Kings Blog

George Karl wants to squeeze more out of talented forward Rudy Gay

Kings forward Rudy Gay celebrates a dunk against Boston last m,onth. He scored 27 Saturday against Miami.
Kings forward Rudy Gay celebrates a dunk against Boston last m,onth. He scored 27 Saturday against Miami.

Rudy Gay began the season on pace to have the best year of his NBA career.

Through his first 22 games, Gay was averaging 21.1 points, 6.7 rebounds and 4.7 assists.

Gay was scoring and facilitating at career rates, then Michael Malone was fired, and like the rest of the team, Gay’s game suffered.

That’s not to say Gay’s season has been a complete letdown. Gay is on pace to average a career-high 20.5 points, and his numbers have been good of late.

Gay followed a 39-point performance in a loss Friday at Orlando with 27 points in the Kings’ 114-109 overtime loss to the Miami Heat on Saturday at American Airlines Arena.

The question is whether there is more to Gay’s game that hasn’t been seen. New Kings coach George Karl believes Gay has the potential to play many roles.

“I was amazed how long he was, how big and tall he is,” Karl said of his impression of Gay. “He really could play power forward; he’s long, athletic, skilled. I just want to squeeze more out of him.”

That would mean using Gay much like Malone used him to start the season, when Gay was putting up good assist numbers along with scoring. Gay is averaging 3.8 assists, still on pace for a career high.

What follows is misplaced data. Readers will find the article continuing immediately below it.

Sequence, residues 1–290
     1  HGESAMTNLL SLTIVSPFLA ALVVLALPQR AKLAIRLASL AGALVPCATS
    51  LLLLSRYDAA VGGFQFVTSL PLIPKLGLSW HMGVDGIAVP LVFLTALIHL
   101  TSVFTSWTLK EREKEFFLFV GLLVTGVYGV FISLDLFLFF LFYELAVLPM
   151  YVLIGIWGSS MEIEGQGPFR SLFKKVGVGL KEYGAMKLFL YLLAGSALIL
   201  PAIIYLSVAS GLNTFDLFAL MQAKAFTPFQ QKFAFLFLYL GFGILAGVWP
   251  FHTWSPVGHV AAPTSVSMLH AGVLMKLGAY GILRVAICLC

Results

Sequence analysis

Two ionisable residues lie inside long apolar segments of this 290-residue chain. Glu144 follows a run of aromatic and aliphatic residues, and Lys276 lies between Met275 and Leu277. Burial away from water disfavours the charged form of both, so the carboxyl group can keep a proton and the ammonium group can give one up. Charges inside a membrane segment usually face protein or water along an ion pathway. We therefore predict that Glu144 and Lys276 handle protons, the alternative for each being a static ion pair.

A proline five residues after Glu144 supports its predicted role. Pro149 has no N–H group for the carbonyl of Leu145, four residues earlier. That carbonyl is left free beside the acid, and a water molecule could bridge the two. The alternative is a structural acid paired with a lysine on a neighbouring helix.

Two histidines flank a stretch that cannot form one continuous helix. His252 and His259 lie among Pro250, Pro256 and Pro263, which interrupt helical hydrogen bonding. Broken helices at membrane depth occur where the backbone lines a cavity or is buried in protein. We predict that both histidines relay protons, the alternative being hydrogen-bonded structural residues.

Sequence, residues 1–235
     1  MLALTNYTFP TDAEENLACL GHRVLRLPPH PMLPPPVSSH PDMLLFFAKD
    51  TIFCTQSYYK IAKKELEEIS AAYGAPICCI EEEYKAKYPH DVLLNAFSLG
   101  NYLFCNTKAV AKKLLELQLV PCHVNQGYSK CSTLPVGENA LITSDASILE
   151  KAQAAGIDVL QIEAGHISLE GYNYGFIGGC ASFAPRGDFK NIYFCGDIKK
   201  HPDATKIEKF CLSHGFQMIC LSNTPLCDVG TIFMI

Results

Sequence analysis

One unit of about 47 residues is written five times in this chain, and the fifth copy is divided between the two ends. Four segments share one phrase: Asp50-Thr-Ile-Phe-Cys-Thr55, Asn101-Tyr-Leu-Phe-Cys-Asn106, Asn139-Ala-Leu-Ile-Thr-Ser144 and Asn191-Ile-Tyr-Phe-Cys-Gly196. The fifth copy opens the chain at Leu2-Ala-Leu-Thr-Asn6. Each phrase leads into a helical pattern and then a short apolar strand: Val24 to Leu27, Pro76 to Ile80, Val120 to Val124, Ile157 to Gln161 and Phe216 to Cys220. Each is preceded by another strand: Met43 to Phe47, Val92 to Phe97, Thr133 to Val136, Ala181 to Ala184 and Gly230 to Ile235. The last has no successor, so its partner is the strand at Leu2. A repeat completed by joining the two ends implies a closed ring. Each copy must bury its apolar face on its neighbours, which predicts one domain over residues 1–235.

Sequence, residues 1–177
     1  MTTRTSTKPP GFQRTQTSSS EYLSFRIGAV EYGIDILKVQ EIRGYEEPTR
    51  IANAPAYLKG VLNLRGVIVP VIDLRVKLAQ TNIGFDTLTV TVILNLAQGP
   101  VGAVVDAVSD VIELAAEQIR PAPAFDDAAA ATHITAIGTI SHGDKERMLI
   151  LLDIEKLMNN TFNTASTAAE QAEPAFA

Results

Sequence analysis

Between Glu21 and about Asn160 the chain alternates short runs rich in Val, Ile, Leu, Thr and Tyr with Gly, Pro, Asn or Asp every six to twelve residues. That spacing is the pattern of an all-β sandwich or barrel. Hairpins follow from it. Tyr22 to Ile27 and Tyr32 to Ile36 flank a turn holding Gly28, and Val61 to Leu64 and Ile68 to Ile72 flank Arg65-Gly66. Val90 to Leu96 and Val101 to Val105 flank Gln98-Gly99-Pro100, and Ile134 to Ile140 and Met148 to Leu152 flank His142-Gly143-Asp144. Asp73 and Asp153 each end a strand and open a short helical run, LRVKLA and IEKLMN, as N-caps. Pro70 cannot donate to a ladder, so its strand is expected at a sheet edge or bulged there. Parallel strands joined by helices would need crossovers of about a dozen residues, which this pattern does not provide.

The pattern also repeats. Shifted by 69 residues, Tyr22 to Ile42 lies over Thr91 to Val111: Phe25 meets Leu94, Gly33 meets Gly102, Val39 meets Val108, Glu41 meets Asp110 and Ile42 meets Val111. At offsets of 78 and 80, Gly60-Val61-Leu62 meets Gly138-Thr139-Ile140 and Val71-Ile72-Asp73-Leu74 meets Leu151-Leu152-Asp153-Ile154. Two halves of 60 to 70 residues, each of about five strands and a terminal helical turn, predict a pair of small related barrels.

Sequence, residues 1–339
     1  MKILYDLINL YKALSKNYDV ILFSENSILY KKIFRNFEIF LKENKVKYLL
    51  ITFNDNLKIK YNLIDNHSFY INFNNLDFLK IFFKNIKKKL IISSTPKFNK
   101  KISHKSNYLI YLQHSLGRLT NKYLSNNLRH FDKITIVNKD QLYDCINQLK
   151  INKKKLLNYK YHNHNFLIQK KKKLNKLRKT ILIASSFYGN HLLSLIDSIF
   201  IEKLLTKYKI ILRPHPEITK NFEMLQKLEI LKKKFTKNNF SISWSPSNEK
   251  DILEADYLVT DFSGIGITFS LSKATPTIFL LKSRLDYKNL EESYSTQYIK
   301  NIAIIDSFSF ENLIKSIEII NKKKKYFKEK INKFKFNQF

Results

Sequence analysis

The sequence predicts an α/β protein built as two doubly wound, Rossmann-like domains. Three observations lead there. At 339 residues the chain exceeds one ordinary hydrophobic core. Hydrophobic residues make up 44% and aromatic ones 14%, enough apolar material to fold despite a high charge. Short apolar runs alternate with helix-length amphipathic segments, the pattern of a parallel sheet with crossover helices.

“I don’t think (Karl) was watching us much earlier,” Gay said with a laugh. “But that’s something I’ve grown to do as a player, getting older and learning new things about the game. That’s something I’ve learned to enjoy, getting my teammates buckets. That’s the next-best thing to scoring.”

More than anything, Gay wants to win, so Saturday was tough to deal with after the Kings blew a 16-point lead.

Gay missed a driving layup with 2.6 seconds left in regulation, and DeMarcus Cousins’ putback didn’t fall.

That the Kings lost wasn’t easy to accept, even with another big scoring night.

“It’s probably the easiest shot I got all day and I missed it,” Gay said. “I don’t know, maybe it’s something where I’ve got to look at myself; maybe I’ve got to get in the gym more. It’s something I practice every day, but maybe I need to practice more because the end of the game is usually my game.”

Karl was happy with the shot and the follow by Cousins.

“You can’t get any better shot than that,” Karl said.

Karl believes the Kings are making progress, despite blowing the big lead Saturday. The Kings are 3-6 under Karl.

If his last two games are signs, Gay will fit just fine in Karl’s system.

But Gay said it’s hard to take solace in statistics, given the season the Kings have had.

He’s part of the Kings’ long-term plans, having signed a three-year, $40 million contract extension last fall. But knowing the playoffs aren’t a possibility is frustrating.

“I’m just trying to focus on basketball,” Gay said. “Numbers don’t mean nothing when you’re at home in April. It feels good to get out there and improve as a player, but I’d rather see the team improve.”

Karl has ideas for how he’d like to use Gay. He plans to put more responsibility on Gay to make the most of his talents.

Gay came to Sacramento with the reputation of being a scorer, but Malone and Karl see more than that in Gay.

“I want him to be more involved in playmaking, more involved in being a versatile player from being a point forward to a four man, a stretch four, a scoring wing,” Karl said. “He has a lot of personalities. I don’t think he’s expanded them very much in his career, even though he’s been in the league eight years.”

Gay said there is always more to improve on and that he is not content.

“I’m going to get better every year,” Gay said. “I’m going to bring something else next year and something that I’ll get better at and be better at.”

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